- Similar to the 2010 example, the CGI spiders in the second film were created by a visual effect house which had closed down by the time the last film was in production. Since the spiders were due to reappear and the original CGI models were lost, they had to be recreated using footage from the second film as reference.
- The later Star Trek series have rebuilt or partially rebuilt sets from the original Star Trek from time to time ("Relics" of Star Trek: The Next Generation, "Trials and Tribble-ations" of Star Trek: Deep Space Nine and "In a Mirror, Darkly" of Star Trek: Enterprise).
- The TOS bridge set in "Relics" was built partly from original props and on the original stage, but they rented a replica of the captain's chair from a fan. Kirk's original chair went missing at some point, apparently.
- An "they took the opportunity to revamp the set" example occurs in Star Trek Generations, where during the short hiatus between the TNG television series and the movie, the designers significantly altered the 1701-D bridge, adding new workstations and placing steps beneath the Captain's chair (symbolically raising him above the two chairs either side of him).
- Some Next Generation sets were rebuilt for the Enterprise finale "These Are The Voyages..." Only a small part of Ten Forward was rebuilt with Stock Footage being used for an Establishing Shot of the room. The only set which did not have to be rebuilt from scratch was the observation lounge, which had since been modified to become the observation lounge of the Enterprise-E, so they just had to modify it back.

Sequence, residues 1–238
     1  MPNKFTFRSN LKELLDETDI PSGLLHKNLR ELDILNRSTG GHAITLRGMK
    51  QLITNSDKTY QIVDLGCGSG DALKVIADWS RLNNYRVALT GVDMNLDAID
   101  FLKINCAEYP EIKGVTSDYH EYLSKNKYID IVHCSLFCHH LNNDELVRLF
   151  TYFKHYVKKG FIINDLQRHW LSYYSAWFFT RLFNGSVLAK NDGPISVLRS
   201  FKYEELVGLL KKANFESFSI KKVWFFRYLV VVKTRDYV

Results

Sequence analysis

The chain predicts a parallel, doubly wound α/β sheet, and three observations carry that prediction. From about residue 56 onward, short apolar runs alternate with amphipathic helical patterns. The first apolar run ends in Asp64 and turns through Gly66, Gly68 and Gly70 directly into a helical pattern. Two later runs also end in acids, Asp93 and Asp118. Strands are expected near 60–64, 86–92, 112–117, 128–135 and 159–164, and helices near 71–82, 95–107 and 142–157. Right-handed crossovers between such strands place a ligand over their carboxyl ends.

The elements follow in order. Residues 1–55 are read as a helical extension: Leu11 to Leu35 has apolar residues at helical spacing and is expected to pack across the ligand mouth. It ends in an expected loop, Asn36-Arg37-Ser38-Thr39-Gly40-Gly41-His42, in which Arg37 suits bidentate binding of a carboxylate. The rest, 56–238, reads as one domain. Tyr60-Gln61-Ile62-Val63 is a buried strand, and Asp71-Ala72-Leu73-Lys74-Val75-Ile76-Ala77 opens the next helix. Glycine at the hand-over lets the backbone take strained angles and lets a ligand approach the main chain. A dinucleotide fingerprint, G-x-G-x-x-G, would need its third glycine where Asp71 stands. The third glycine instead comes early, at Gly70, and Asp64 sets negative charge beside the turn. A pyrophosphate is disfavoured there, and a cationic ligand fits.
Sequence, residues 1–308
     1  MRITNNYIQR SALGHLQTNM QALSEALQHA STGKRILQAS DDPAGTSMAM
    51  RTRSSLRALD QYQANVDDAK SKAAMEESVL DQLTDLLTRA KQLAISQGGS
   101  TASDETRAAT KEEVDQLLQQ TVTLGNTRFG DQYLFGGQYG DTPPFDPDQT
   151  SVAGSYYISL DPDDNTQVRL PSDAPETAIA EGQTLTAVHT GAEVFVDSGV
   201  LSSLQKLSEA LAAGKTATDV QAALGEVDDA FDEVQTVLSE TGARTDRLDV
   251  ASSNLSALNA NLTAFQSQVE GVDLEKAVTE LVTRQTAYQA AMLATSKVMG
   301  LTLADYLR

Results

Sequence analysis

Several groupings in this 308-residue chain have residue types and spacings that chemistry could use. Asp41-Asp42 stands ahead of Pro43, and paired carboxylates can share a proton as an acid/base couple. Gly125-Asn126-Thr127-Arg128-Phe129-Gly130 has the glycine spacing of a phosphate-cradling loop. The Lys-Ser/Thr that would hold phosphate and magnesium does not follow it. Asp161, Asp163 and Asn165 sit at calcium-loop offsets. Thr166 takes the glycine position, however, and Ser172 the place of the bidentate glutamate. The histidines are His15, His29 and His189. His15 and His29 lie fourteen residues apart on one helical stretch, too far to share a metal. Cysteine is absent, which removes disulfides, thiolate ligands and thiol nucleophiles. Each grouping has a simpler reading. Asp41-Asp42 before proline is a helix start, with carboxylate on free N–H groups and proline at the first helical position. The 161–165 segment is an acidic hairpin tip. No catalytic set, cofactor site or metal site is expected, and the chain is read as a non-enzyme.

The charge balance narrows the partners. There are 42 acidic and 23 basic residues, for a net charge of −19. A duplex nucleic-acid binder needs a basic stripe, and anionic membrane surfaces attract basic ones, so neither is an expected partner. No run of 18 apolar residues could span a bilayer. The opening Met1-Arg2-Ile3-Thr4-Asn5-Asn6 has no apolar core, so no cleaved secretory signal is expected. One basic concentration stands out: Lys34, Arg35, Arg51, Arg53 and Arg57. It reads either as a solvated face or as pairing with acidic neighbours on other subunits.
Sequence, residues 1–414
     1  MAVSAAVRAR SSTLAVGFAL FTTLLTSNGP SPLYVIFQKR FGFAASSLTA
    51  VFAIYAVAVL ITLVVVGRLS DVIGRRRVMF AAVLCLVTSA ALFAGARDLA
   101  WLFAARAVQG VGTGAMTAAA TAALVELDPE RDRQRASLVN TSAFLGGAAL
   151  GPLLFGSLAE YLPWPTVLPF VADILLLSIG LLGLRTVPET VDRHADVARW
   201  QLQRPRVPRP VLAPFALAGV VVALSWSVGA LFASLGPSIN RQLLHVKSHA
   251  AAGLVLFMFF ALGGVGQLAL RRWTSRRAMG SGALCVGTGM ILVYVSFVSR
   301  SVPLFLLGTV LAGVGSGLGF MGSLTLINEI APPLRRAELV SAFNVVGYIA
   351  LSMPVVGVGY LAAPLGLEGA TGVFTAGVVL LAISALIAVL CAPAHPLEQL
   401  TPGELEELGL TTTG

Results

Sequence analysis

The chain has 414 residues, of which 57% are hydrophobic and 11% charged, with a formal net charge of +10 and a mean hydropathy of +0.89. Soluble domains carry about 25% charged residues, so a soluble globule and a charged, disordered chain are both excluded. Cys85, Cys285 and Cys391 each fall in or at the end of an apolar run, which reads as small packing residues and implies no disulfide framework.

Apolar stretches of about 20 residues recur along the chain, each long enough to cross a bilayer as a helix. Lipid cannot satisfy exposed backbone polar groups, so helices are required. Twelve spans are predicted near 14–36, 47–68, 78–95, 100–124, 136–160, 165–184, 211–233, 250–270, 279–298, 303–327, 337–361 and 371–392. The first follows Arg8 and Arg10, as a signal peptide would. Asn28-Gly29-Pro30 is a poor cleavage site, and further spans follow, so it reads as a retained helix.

- The Excelsior bridge from Star Trek VI: The Undiscovered Country was rebuilt for the Star Trek: Voyager episode "Flashback". The original was built in twelve weeks and the Voyager crew had to replicate it in two, resulting in the design being subtly simplified.
- All in The Family - they decided to end the series, so they donated Archie's chair to the Smithsonian; when they decided to continue they had to recreate the chair. The chair originally cost like $2 from the Salvation Army, and the recreation cost thousands.
- They did this to The Beverly Hillbillies's truck for the movie.
- The original sets from Babylon 5 were kept in storage for many years in case of a sequel movie, revival, or in case Crusade got picked up by another network. Wouldn't ya know, shortly after they finally got rid of some of the sets due to storage costs, they get greenlighted for direct-to-DVD sequels?
- When The Goodies moved from The BBC to ITV their new set was an almost identical copy of the original.
- For Stargate SG-1, the sets from the Stargate movie of the missile silo used as Stargate Command and the Abydonian gate room were rebuilt. The producers did find the gate prop used in the film, but it had decayed and was only good for getting a mold to work off of.
- The sitcom 8 Simple Rules once did a Actor Allusion involving John Ritter's character, where he had a nightmare that he was in an episode of Three's Company, complete with a rebuilt version of the apartment set from that show.
- The Three's Company set was also rebuilt for a gag in Ritter's 1992 film Stay Tuned.
- For the All Just a Dream ending to the last episode of Newhart, the bedroom set from The Bob Newhart Show was rebuilt.
- The show's producers made a point of keeping the set hidden from the studio audience until the last possible moment while filming the episode, so as not to ruin the impact of The Reveal.
- For Fallout Tactics, everything had to be remodeled from scratch.